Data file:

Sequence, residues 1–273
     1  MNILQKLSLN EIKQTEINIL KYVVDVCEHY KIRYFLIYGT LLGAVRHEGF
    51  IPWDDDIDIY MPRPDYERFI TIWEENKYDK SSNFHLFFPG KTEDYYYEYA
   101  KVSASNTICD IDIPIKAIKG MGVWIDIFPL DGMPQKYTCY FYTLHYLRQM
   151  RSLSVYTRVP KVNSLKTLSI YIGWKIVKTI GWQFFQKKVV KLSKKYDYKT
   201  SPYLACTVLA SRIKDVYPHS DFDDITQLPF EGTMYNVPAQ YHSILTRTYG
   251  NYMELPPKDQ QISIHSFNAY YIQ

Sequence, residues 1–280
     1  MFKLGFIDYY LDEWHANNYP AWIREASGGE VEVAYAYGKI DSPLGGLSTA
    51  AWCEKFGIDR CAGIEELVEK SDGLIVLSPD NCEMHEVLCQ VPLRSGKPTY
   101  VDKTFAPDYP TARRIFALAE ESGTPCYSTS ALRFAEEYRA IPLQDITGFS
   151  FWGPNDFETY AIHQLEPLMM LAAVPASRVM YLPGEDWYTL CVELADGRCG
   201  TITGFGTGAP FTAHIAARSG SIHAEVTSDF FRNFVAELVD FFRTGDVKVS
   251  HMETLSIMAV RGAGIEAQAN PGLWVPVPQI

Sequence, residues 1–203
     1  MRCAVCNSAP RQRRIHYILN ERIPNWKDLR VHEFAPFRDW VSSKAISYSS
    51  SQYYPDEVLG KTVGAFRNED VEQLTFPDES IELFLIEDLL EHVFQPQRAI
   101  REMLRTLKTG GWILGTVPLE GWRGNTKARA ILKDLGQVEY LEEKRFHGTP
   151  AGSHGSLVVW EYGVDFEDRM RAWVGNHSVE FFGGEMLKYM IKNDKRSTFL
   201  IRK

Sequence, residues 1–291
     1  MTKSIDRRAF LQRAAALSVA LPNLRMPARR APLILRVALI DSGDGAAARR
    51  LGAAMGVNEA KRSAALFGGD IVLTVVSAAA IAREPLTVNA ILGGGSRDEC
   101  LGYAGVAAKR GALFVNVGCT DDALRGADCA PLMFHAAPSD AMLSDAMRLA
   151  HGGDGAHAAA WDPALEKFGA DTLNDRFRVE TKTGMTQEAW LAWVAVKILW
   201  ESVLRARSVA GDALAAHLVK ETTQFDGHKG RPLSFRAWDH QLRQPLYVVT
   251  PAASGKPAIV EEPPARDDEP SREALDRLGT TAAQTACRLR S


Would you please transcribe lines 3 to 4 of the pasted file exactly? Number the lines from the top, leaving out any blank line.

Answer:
    51  IPWDDDIDIY MPRPDYERFI TIWEENKYDK SSNFHLFFPG KTEDYYYEYA
   101  KVSASNTICD IDIPIKAIKG MGVWIDIFPL DGMPQKYTCY FYTLHYLRQM